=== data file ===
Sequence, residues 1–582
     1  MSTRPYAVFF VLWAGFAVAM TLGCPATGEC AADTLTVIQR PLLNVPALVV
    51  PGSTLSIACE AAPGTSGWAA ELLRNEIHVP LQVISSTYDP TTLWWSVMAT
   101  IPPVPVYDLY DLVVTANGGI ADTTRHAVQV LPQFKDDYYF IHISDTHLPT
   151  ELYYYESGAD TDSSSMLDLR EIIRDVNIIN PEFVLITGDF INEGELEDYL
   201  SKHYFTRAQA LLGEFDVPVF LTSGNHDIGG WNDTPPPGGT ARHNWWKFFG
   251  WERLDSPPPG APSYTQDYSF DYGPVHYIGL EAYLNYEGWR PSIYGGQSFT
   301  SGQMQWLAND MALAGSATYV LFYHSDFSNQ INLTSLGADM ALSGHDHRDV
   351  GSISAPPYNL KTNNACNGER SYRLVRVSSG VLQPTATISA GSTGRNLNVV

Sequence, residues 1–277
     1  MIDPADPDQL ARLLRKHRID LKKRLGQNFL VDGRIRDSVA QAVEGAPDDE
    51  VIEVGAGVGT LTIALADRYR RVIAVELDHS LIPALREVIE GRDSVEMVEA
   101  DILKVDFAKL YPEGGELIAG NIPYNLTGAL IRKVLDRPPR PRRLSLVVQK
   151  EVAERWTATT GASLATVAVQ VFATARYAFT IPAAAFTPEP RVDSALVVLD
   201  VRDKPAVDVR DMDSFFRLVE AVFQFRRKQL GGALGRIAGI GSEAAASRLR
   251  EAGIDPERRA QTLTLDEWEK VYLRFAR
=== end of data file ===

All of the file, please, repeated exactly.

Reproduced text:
Sequence, residues 1–582
     1  MSTRPYAVFF VLWAGFAVAM TLGCPATGEC AADTLTVIQR PLLNVPALVV
    51  PGSTLSIACE AAPGTSGWAA ELLRNEIHVP LQVISSTYDP TTLWWSVMAT
   101  IPPVPVYDLY DLVVTANGGI ADTTRHAVQV LPQFKDDYYF IHISDTHLPT
   151  ELYYYESGAD TDSSSMLDLR EIIRDVNIIN PEFVLITGDF INEGELEDYL
   201  SKHYFTRAQA LLGEFDVPVF LTSGNHDIGG WNDTPPPGGT ARHNWWKFFG
   251  WERLDSPPPG APSYTQDYSF DYGPVHYIGL EAYLNYEGWR PSIYGGQSFT
   301  SGQMQWLAND MALAGSATYV LFYHSDFSNQ INLTSLGADM ALSGHDHRDV
   351  GSISAPPYNL KTNNACNGER SYRLVRVSSG VLQPTATISA GSTGRNLNVV

Sequence, residues 1–277
     1  MIDPADPDQL ARLLRKHRID LKKRLGQNFL VDGRIRDSVA QAVEGAPDDE
    51  VIEVGAGVGT LTIALADRYR RVIAVELDHS LIPALREVIE GRDSVEMVEA
   101  DILKVDFAKL YPEGGELIAG NIPYNLTGAL IRKVLDRPPR PRRLSLVVQK
   151  EVAERWTATT GASLATVAVQ VFATARYAFT IPAAAFTPEP RVDSALVVLD
   201  VRDKPAVDVR DMDSFFRLVE AVFQFRRKQL GGALGRIAGI GSEAAASRLR
   251  EAGIDPERRA QTLTLDEWEK VYLRFAR